Speed Climbing

Speed Climbing an Art Form

Speed climbing has become an exciting event in rock climbing. This is form of climbing is essentially a race between climbers to see who can get to the top the fastest.

Climbers must be quick and smart in developing their routes and in planning their next moves. Some of the most exciting climbing of this kind has been performed by Dan Osman.

Watch Dan Osman climb here

The climbs are not necessarily always done in a competition format, but by climbing to beat previous time records that exist at a certain location.

For example, Hans Florine climbed “The Nose” twice in seventy hours on two different days. This is an incredible feat and the climbs were his fifty-ninth and sixtieth ascents.

Many times climbers will find themselves competing against their own minds and bodies to make a climb that they have climbed several times in the past to beat their own personal records.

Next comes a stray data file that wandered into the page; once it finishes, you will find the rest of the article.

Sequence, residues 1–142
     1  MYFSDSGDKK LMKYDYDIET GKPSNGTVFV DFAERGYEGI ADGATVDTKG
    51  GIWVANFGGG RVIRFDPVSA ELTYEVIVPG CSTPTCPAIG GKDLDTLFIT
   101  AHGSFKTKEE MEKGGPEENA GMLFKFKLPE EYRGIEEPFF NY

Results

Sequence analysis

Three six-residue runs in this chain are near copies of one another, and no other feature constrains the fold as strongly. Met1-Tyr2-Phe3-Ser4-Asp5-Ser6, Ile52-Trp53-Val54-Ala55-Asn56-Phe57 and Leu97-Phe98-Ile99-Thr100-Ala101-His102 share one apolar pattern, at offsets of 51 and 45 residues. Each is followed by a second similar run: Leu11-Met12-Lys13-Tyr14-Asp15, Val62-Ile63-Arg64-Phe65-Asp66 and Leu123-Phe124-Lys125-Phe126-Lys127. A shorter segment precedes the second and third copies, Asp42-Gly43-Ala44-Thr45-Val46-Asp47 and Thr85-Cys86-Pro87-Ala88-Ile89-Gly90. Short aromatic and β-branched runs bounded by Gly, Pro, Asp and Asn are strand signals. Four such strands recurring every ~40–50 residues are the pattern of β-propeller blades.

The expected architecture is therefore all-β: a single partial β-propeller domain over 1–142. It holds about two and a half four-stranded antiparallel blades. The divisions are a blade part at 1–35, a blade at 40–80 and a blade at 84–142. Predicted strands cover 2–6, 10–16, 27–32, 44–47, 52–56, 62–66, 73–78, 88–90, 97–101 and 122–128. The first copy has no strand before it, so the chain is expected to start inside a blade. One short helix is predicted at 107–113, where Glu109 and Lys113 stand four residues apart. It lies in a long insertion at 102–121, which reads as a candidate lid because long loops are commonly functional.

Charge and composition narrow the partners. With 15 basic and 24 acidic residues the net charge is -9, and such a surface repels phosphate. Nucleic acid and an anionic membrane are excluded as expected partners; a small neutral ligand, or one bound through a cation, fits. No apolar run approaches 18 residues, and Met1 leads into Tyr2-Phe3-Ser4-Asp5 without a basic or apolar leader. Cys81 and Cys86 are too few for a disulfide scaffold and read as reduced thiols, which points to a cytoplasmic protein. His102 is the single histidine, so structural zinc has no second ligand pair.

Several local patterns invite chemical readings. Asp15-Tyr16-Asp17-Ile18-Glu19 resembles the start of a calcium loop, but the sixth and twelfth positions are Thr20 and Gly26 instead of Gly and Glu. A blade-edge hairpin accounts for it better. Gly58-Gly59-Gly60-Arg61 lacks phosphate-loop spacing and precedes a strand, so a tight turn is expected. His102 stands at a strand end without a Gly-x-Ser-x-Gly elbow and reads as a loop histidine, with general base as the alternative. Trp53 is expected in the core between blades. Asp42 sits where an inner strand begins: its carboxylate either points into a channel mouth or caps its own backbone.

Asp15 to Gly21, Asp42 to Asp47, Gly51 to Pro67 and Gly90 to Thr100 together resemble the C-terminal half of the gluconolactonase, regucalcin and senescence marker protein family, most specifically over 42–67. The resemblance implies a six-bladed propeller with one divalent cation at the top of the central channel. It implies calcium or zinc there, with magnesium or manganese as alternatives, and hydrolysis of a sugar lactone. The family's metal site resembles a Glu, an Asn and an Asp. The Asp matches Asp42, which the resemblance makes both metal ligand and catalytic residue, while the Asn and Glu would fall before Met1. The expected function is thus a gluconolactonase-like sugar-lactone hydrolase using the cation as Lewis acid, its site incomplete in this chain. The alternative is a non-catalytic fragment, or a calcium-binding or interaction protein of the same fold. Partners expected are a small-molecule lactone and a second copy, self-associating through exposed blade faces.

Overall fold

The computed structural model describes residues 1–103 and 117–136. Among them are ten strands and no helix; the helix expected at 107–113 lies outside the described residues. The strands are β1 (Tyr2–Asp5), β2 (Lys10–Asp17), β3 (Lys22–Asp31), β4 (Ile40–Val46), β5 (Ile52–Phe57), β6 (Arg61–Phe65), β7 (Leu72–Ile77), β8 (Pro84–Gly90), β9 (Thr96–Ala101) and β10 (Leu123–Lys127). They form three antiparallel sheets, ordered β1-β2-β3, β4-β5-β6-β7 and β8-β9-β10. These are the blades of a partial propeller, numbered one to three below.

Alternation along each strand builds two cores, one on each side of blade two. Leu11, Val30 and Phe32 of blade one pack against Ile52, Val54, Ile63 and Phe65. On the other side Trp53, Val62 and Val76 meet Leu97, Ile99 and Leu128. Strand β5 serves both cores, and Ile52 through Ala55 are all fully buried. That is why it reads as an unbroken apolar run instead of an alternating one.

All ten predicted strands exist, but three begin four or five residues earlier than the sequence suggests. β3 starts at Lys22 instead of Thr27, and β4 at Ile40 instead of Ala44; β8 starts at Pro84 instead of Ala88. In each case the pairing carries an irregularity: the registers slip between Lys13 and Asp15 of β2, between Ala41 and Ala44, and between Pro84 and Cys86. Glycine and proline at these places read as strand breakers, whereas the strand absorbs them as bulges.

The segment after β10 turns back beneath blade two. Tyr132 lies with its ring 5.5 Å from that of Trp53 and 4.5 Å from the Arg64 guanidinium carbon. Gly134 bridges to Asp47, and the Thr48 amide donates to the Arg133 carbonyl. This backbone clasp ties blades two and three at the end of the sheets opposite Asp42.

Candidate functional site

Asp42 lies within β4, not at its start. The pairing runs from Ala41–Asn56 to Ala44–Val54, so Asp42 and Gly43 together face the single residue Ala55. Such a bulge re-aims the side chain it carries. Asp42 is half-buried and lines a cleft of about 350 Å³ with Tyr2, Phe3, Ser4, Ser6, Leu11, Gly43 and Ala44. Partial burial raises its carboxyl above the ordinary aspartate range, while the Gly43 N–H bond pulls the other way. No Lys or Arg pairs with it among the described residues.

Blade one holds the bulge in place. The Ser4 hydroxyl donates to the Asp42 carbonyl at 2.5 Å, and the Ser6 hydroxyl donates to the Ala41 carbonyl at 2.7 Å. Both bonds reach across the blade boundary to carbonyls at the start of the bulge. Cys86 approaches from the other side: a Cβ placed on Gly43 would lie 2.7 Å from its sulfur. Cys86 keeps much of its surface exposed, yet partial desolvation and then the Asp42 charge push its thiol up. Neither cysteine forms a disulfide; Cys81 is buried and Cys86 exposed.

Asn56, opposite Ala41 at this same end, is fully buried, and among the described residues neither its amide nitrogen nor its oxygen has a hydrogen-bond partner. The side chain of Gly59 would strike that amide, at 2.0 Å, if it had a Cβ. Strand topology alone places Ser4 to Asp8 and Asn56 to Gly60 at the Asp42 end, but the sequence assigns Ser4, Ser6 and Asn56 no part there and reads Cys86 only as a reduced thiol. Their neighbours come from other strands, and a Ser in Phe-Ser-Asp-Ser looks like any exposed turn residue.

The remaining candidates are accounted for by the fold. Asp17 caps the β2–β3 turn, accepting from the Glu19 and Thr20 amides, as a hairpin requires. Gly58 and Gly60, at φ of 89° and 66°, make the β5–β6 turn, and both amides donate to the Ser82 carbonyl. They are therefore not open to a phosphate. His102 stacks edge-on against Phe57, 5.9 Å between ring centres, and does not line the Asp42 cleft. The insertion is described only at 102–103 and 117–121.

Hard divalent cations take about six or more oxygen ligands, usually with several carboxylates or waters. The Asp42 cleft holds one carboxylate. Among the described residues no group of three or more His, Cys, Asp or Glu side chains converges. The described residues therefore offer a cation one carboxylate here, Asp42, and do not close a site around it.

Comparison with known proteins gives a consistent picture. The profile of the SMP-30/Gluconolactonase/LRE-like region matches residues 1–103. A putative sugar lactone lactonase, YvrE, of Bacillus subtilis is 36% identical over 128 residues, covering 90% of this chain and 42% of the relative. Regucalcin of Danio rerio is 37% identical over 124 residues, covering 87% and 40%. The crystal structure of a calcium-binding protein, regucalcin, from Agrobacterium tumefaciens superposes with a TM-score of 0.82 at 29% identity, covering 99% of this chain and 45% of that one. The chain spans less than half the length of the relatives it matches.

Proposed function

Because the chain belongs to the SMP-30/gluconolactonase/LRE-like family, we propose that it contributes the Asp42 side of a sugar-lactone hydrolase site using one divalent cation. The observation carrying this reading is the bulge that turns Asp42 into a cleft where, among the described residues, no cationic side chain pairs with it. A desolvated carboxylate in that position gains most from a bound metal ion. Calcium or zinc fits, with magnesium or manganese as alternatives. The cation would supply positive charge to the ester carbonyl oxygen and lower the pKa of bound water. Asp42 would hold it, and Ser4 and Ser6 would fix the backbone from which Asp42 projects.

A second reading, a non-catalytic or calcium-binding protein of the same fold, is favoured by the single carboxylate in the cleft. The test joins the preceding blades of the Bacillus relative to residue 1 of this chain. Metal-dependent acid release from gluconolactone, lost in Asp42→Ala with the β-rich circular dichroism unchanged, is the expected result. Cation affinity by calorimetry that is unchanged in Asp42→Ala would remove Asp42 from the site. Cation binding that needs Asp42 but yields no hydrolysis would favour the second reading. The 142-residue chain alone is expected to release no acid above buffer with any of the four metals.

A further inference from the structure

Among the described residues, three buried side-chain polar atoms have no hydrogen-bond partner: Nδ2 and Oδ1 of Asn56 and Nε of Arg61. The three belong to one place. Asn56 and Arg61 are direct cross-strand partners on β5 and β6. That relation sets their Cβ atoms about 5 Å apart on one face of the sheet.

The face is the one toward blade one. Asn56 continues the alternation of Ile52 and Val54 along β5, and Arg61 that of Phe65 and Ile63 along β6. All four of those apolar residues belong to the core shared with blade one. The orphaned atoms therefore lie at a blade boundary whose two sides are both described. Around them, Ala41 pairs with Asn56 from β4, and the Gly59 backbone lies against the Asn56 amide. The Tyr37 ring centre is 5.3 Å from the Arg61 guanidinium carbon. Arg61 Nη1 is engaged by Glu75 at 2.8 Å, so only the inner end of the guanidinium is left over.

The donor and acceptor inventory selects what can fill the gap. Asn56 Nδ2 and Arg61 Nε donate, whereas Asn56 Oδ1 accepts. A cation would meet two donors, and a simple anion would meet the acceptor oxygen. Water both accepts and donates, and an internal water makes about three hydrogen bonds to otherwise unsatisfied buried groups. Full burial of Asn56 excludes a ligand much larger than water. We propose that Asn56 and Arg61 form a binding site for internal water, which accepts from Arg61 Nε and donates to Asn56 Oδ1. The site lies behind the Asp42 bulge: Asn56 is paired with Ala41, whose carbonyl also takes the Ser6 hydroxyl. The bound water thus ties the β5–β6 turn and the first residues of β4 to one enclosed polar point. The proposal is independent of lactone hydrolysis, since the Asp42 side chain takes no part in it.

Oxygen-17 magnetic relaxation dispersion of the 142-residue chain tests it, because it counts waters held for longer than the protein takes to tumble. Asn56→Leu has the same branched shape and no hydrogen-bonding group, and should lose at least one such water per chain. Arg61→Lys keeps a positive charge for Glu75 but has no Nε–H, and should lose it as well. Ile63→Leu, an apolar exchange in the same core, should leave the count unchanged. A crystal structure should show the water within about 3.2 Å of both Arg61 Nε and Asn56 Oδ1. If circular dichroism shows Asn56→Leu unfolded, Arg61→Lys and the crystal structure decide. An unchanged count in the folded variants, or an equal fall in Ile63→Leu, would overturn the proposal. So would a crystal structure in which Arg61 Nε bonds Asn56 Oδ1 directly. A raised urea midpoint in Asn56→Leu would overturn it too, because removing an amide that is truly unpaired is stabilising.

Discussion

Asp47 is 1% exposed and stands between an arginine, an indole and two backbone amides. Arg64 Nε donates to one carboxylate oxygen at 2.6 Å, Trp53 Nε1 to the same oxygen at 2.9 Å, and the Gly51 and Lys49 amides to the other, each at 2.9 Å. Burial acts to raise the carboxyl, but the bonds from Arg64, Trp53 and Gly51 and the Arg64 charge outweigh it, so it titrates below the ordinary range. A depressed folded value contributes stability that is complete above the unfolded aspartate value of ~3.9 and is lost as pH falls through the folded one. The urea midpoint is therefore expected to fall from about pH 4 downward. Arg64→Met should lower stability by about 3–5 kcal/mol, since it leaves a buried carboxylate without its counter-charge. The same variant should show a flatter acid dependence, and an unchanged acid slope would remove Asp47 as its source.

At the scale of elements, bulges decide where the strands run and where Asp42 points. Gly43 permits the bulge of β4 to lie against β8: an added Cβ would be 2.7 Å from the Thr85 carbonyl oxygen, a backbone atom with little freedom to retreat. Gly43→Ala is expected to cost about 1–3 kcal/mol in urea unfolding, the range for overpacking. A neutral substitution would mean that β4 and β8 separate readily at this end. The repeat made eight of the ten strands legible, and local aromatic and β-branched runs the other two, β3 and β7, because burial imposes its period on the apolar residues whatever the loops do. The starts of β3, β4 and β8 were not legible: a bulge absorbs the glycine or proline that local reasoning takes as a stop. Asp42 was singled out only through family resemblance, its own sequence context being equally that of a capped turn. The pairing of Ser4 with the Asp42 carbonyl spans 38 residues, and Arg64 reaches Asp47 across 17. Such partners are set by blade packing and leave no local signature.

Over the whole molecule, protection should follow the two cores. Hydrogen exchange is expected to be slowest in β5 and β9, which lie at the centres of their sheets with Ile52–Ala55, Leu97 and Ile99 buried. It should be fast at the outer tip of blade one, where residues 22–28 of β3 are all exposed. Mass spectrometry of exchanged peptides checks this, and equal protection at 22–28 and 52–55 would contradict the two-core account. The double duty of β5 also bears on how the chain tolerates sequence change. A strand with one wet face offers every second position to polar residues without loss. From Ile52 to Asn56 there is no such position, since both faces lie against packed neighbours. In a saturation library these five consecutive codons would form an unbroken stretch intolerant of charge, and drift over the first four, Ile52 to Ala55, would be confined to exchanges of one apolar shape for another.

Other speed events challenge climbers to climb against the clock. These events are usually held at one location and climbers must climb in different heats against other climbers.

These events typically have a large number of rock climbing teams to compete against themselves and each other.

Check out this video from a speed climbing competition.

The best technique in this form of climbing is to be able to climb efficiently. The more efficient you are able to climb, the quicker you will be able to get through the route.

Speed climbers also know how to use their legs a lot, try to carry less gear and they train hard.

Strength training and the ability to see routes allow speed climbers to excel and compete in the sport.

Free-climbing was the true beginnings of speed climbing. It wasn’t until the 1900’s that climber began incorporating ropes, carabineers and other tools. However, most of this climbing is done on top rope.

Climb strong climb safe

Rock Climbing For Life

Related posts:

  1. Indoor Climbing Competitions
  2. Indoor Rock Climbing

This entry was posted on Friday, September 17th, 2010 at and is filed under Climbing Styles. You can follow any responses to this entry through the RSS 2.0 feed. You can leave a response, or trackback from your own site.

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